Unfortunately, Radosevic's role for Milano has offered little opportunity for him to showcase his offensive game. Scoring from the midrange and in the post with a simple, but polished offensive repertoire last season, Radosevic has functioned almost exclusively as a catch-and-finish option this season, doing what his coaches ask of him. He spends most of his time setting screens, rolling to the basket, and ducking in behind the defense when his teammates penetrate. Converting 61% of his finishing opportunities according to Synergy Sports Technology, Radosevic's touch around the rim does help him make the most of his limited scoring chances, even if he has only attempted a pair of jump shots this season.

Knocking down 40% of his jump shots and seeing a couple of touches every game in the post last season, Radosevic faces a unique challenge in terms of reaffirming his value offensively to NBA scouts. He's filled the roll he's been asked to in Milan, and done so very efficiently, but he'll need to remind scouts what he brings to the table on the offensive end at the Eurocamp in Treviso and in workouts in the coming months, as his current role does not paint him in a light that reflects his talent.

Defensively, Radosevic has struggled with the same things he had issues with last season. Asked to play the center position for stretches, Radosevic is simply not strong enough to effectively defend more physical post players around the rim, giving up too much ground and unable to deter interior scorers when they make decisive, aggressive moves to the rim. He's also a questionable rebounder, lacking the strength and explosiveness to pull down boards at a prolific rate. He does play with energy, helps his teammates, and does a decent job denying dribble penetration, but will need to get stronger and more active on the glass to alleviate concerns about his abilities on the defensive end.

Automatically eligible for the 2012 NBA Draft, Radosevic is our top ranked 1990 international prospect for a reason. He is a fundamentally sound all-around player with good size who can step away from the rim, run the pick and pop, and make savvy plays to score inside the paint. Scout have gotten to see very little of that from him this season, and considering his limitations defensively, his ability to show what he brings to the table offensively at a few key moments in the pre-draft process will likely play a role in what his draft stock looks like closer to June 28th.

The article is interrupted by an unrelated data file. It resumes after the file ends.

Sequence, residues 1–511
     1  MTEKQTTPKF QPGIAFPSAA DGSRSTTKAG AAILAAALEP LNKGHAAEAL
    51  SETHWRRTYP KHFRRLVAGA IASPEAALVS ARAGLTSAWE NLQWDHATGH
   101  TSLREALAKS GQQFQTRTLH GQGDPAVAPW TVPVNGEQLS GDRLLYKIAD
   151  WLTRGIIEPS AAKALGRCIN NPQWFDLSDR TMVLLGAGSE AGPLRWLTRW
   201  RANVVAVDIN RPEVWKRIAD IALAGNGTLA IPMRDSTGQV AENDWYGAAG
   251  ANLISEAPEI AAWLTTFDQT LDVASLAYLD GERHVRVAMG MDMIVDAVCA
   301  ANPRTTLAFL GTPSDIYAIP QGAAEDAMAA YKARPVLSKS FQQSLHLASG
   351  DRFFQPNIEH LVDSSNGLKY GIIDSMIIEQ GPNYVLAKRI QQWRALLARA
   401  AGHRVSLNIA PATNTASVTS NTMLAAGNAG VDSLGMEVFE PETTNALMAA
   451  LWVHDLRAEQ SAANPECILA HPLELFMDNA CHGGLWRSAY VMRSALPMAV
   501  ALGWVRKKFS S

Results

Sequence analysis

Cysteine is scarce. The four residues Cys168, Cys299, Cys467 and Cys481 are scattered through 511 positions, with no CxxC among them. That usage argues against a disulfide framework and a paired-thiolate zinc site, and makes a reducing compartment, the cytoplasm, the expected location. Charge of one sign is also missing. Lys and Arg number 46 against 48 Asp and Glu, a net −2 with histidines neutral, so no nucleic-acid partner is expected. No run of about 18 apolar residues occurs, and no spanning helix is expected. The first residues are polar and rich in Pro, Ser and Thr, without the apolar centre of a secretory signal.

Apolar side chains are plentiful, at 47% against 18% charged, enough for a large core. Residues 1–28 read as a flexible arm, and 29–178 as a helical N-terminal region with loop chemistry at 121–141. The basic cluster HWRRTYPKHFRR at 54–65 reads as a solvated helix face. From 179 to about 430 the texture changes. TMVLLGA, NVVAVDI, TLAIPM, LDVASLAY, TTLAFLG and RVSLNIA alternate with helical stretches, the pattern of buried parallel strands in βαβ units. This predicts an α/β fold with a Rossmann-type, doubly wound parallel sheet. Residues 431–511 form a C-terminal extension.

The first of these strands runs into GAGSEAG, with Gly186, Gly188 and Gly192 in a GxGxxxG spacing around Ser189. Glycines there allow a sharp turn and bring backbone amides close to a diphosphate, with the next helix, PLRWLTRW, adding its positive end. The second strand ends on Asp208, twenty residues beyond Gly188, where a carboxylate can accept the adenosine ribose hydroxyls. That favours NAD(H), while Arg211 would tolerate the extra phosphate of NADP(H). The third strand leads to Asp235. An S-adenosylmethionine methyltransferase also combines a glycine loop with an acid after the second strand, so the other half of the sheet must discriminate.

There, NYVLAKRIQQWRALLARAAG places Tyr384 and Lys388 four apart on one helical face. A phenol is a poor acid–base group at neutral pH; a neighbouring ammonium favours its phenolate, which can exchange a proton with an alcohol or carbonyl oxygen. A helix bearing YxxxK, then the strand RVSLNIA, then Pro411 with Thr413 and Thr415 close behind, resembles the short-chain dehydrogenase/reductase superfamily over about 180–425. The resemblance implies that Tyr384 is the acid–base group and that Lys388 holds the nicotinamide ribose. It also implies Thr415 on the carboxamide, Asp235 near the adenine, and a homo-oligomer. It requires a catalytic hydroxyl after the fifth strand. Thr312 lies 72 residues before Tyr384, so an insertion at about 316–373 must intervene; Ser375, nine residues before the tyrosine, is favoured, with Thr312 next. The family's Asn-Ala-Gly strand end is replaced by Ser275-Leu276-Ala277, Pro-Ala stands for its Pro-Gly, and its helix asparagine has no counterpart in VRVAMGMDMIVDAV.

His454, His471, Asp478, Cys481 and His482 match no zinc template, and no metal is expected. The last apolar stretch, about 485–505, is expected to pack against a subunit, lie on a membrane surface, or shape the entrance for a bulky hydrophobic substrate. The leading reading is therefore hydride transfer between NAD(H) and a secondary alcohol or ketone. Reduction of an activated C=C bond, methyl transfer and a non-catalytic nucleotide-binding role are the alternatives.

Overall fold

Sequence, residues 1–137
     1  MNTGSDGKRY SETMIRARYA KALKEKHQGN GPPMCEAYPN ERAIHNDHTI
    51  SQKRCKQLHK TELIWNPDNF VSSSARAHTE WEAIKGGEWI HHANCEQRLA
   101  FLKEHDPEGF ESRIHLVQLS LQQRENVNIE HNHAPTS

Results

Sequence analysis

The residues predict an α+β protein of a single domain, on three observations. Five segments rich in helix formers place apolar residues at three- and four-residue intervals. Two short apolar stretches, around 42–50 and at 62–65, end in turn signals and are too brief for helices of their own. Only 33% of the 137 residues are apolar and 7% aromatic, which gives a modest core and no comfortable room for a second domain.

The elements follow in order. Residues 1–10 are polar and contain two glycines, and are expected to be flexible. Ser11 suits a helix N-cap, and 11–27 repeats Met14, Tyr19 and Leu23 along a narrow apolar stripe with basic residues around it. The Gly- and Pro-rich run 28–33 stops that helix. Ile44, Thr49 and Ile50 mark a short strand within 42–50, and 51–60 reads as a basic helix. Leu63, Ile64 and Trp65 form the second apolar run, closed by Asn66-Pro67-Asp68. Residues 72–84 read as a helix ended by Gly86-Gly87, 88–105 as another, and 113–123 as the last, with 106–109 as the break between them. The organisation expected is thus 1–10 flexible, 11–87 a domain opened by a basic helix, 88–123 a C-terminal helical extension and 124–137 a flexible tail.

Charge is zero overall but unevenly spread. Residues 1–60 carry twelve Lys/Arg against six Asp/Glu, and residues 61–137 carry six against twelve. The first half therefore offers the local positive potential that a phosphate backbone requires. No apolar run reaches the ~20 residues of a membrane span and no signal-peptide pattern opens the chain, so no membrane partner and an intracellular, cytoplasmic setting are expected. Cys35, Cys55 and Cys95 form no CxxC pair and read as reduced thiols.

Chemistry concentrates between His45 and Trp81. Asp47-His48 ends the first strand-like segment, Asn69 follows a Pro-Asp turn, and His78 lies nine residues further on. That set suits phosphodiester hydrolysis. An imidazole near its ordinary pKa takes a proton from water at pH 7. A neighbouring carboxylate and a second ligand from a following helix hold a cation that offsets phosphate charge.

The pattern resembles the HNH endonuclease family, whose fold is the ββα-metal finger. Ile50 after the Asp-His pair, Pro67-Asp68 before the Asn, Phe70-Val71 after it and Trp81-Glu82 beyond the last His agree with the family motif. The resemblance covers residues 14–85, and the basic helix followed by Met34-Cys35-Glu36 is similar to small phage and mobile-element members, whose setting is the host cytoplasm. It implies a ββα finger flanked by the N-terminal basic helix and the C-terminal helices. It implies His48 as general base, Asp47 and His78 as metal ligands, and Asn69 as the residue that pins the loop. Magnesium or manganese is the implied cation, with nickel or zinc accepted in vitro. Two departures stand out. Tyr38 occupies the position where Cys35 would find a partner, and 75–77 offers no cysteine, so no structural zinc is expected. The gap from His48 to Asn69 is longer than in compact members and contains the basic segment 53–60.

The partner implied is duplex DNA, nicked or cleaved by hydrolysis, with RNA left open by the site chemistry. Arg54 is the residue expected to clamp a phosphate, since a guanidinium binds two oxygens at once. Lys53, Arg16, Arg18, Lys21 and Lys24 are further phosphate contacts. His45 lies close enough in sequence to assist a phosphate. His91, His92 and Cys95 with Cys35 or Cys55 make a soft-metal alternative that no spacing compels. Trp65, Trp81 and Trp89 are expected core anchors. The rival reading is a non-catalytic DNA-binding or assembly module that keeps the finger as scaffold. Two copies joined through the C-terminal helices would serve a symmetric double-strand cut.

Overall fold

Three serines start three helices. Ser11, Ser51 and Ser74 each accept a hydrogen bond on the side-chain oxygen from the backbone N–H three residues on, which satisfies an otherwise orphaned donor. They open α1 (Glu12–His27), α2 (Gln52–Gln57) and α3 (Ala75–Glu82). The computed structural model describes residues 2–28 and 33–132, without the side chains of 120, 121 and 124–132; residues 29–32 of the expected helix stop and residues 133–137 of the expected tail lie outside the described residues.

David Jelinek, 6'5, Shooting Guard, FIATC Mutua Joventut, Czech Republic

Matt Kamalsky

After a strong campaign in his first season seeing significant playing time in the ACB and a promising performance at the 2011 adidas Eurocamp, David Jelinek appears to have taken a step back in his final season upon becoming automatically eligible for the NBA draft. The perimeter-oriented Jelinek continues to see significant minutes in the ACB, but has struggled to score efficiently all season long.

An average athlete with just decent size and length for a NBA shooting guard, Jelinek's perceived value at the NBA level has always been rooted in his ability to knock down shots from the perimeter. Connecting on some 46% of his three point attempts last season, his ability to stretch the floor and knock down open spot-up shots offered some intrigue. This season, Jelinek is shooting just 32% from beyond the arc, and has gone from shooting 52% in catch and shoot situations to connecting on just 29% according to Synergy Sports Technology. He doesn't seem to be shooting with the same fluidity and reliable follow-through we saw from him last season, lofting the ball at the rim from deep and short arming shots with a hand in his face, often coming up well short as a result.